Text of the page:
Mr. Sandman – sleep researcher William C. Dement – Brief Article – Interview

William C. Dement knows that failing to get enough sleep is more than a minor nuisance. It causes malaise, poor concentration, moodiness, ill health, and accidental deaths. During more than four decades of pioneering research, Dement codiscovered REM sleep, founded Stanford University’s Sleep Disorders Clinic and Research Center, and witnessed countless examples of the ways the body malfunctions when deprived of proper rest. Discover Associate Editor Kathy A. Svitil talked to Dement about his research and his personal crusade against sleep deprivation.

How bad is the problem of sleep deprivation in the United States?

Very bad. Everybody is sleepy.

Doesn’t the brain compensate for lack of sleep?

I don’t think it does. Think of going to sleep as a balance. There is so much weight on the sleep side and so much on the awake side. Caffeine, pain, excitement, activity–these things push the balance in the awake direction, but the sleep deprivation side may keep getting heavier until nothing can oppose it. Them is new MRI research that suggests some areas of the brain get more active, maybe in an effort to take up the slack. But that may also just be an effect of sleep deprivation.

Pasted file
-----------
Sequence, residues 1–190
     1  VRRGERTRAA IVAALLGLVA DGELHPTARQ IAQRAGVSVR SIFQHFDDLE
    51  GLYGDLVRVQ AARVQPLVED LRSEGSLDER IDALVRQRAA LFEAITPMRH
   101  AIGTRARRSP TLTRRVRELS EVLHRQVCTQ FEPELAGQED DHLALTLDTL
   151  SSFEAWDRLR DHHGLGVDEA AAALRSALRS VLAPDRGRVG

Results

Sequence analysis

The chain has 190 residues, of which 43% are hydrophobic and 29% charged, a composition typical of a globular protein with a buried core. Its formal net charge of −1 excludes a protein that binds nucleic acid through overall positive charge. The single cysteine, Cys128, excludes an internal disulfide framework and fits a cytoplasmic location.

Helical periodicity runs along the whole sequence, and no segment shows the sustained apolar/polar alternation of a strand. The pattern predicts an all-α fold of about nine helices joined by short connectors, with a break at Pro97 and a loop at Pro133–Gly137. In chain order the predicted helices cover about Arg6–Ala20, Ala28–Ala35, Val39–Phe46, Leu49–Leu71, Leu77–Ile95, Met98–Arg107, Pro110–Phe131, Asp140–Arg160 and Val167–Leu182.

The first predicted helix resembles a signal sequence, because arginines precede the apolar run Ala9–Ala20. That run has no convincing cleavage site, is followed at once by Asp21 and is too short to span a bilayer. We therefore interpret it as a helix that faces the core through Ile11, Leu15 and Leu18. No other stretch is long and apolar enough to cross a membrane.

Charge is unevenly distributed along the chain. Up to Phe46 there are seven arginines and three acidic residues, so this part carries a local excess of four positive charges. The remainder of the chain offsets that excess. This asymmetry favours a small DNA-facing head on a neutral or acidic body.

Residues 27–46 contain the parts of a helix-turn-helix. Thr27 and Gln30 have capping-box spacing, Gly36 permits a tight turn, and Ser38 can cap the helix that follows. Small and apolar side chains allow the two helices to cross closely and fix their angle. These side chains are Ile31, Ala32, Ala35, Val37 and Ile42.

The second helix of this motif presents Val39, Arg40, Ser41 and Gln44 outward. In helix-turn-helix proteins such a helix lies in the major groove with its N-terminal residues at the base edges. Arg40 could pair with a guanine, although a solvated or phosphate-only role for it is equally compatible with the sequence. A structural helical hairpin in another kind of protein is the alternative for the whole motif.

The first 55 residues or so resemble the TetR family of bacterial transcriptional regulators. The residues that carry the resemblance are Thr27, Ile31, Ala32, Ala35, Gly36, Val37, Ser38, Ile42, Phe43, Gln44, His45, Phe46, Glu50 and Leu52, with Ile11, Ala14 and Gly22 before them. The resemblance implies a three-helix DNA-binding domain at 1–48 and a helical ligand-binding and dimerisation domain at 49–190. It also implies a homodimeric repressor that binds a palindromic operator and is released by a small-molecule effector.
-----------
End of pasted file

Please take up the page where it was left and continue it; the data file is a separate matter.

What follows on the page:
Will we ever have a cure for people who can’t sleep?

Insomnia is quite a few different things. The insomnia that arises out of stress or tragedy, things like that, we’ll certainly be able to treat. To cure all insomnia would be like being able to have healthy sleep whenever you wanted. We can’t do that yet.

What do you think about using melatonin to control sleep?

If you take the recommended dose of melatonin and it helps you, fine. There are worse things people do–drinking yourself to sleep, or trying to get alert with cocaine.

Will there ever be a pill that delivers alertness on demand?

Not one you could absolutely depend upon, no matter how sleep deprived you were.

Will we ever understand why we need to sleep?

I’m confident of that. The biggest breakthrough was the isolation of the narcolepsy gene in dogs. One abnormal gene causes the quintessential sleep disorder. It suggests we’re almost there.

Why do we dream?

The brain is so active during REM sleep, it’s almost as if it has to do something. While you’re awake you could ask, “Why am I conscious?” Well, you are awake, so why are you dreaming when you’re asleep? Because the brain created the dream world, and we have no choice but to live in it.

Would you want to be able to live without sleeping?

We’re so accustomed to a beginning and an end, that to have consciousness going on forever would be hard. Maybe we could be really happy with one hour of sleep, to end the day and begin the next one.


MYTH: The moon orbits Earth.

FACT: The moon does circle Earth, but the sun’s hold on the moon is actually twice as strong as Earth’s. All the other planets, in contrast, dominate the pull on their major satellites. In a sense, the moon behaves less like a satellite than as a separate planet that orbits the sun in concert with Earth.

COPYRIGHT 2000 Discover

COPYRIGHT 2000 Gale Group

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